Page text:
The role of wintertime radiation in maintaining and destroying stable layers
- Cite this article as:
- Savoie, M.H. & McKee, T.B. Theor Appl Climatol (1995) 52: 43. doi:10.1007/BF00865506
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Strong stable layers are a common occurrence during western Colorado's winter. Analysis of radiosonde observations indicate wintertime boundary layer heights are near 500 m. The terrain in this region consists of mountains that rise approximately 1500–2000 m above the ground to the east, providing an effective blocking barrier. An experiment is described to observe upwelling and downwelling, longwave and shortwave radiative fluxes at two sites in western Colorado during January and February 1992, for combinations of clear, cloudy, snow covered, and bare ground periods. Analysis of the observations and the surface energy budget for typical Bowen ratios provides a better understanding of the role of radiation in maintaining and destroying stable layers.
During the day, the surface received a net gain of energy from radiation, while at night there was a net loss. Over snow, the 24-hour net radiative flux was small and either positive or negative. Over bare soil, the 24-hour net radiative flux was positive but still small. There is little difference in the net radiative flux between clear and cloudy days; the reduction of the incident solar flux by clouds is nearly compensated by the hindering of the longwave cooling. The cumulative effects of the 24-hour net radiative flux were negative over snow early in the experiment. The 24-hour values shifted to near zero as the snow albedo decreased and were positive for bare ground.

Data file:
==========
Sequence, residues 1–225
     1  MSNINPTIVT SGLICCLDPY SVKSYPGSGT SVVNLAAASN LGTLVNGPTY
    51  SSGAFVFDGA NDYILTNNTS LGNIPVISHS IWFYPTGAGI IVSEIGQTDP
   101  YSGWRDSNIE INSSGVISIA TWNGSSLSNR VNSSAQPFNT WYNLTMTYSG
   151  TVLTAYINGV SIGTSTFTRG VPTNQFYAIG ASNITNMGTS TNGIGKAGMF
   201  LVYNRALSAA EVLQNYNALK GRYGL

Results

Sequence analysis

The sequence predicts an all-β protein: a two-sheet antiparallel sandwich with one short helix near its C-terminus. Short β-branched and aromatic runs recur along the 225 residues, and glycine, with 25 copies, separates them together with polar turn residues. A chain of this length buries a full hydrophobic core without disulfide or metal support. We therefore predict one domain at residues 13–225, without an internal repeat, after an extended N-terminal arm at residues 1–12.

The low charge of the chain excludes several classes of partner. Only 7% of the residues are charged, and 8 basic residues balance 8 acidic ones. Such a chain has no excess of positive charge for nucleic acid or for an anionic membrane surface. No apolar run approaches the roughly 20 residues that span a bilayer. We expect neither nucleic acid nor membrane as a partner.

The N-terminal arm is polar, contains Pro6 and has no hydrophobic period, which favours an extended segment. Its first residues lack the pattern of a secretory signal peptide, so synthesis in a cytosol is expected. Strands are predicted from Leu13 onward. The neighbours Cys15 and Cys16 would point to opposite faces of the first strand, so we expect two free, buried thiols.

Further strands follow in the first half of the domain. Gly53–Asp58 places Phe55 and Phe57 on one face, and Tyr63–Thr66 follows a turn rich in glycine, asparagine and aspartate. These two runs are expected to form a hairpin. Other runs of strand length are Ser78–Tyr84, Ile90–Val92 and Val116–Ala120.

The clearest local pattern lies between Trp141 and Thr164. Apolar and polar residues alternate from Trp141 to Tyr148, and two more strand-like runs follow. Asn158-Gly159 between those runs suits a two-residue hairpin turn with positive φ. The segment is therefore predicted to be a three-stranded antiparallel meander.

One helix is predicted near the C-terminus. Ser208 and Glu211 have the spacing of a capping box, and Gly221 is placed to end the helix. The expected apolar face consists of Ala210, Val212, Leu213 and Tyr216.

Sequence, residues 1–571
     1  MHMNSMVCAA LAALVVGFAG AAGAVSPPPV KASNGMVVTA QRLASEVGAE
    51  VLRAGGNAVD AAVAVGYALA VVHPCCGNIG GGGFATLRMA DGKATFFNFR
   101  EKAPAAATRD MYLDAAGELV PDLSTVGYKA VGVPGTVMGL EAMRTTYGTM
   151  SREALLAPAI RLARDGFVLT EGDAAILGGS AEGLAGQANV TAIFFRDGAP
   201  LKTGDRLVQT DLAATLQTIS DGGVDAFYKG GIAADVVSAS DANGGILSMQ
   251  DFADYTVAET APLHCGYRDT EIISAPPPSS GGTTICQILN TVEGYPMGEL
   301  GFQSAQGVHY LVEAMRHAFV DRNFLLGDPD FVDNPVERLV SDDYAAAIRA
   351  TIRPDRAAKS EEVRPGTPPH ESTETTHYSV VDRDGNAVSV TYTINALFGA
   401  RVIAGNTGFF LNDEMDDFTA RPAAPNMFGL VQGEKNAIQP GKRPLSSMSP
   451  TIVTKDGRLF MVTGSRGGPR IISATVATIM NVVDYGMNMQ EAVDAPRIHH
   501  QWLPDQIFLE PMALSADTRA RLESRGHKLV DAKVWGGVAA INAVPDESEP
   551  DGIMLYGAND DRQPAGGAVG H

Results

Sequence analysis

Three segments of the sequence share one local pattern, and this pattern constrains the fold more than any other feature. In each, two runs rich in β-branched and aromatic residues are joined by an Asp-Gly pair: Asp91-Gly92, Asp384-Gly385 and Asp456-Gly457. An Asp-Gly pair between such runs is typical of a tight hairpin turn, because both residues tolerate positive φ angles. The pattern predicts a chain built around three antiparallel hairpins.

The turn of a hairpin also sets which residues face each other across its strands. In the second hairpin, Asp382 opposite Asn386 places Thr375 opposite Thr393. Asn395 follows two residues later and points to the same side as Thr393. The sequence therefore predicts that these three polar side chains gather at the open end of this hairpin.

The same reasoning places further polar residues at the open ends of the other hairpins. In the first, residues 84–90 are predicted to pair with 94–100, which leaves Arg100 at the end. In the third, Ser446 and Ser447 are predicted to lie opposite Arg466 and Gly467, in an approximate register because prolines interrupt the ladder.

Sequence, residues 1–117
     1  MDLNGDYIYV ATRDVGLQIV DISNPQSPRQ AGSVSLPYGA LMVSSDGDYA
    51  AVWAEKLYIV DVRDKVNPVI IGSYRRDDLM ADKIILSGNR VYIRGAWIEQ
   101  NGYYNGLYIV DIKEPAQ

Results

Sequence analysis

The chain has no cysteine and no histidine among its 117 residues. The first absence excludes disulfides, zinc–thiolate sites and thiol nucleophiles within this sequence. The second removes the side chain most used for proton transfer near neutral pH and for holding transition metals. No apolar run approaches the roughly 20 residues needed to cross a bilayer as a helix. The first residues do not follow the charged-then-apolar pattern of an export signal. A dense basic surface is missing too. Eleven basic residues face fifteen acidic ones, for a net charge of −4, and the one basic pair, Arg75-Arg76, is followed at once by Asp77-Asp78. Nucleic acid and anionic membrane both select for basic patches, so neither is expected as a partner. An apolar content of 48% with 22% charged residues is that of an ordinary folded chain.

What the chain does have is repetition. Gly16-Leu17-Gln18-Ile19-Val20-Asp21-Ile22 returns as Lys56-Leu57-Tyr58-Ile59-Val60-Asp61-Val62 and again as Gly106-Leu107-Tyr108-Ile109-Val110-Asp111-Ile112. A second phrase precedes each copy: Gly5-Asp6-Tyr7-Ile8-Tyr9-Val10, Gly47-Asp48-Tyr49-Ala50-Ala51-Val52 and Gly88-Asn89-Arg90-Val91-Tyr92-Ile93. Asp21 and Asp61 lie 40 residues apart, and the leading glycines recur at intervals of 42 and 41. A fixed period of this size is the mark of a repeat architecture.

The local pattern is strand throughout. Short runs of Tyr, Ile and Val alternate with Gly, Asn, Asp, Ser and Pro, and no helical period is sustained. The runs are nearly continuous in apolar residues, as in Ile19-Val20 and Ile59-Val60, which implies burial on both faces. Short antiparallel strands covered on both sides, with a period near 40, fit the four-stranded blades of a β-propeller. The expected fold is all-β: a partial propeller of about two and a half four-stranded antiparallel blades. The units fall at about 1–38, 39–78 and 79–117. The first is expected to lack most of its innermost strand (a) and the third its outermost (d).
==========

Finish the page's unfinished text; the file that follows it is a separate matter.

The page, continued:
If the daytime net radiative flux is partitioned into sensible and latent heat flux using typical Bowen ratios, the daytime sensible heat available for destroying boundary layers is small for the low solar angles of the winter season. With a Bowen ratio of 0.5, the daytime sensible heat flux available is only 0.3 to 1.2 MJ m−2 over a snow surface and 1.4 to 2.3 MJ m−2 over soil. These heat fluxes will not build a deep enough boundary layer to break a typical wintertime inversion. The 24-hour sensible heat flux was negative at both sites for the entire experiment with this Bowen ratio.
The radiation observations and the use of typical Bowen ratios lead to the conclusion that the net radiation will sustain or strengthen a stable atmosphere in the winter season in western Colorado. Analysis of the radiosonde observations confirm this result as the boundary layer depths were less than 500 m early in the experiment and grew to only 700 m later in the experiment.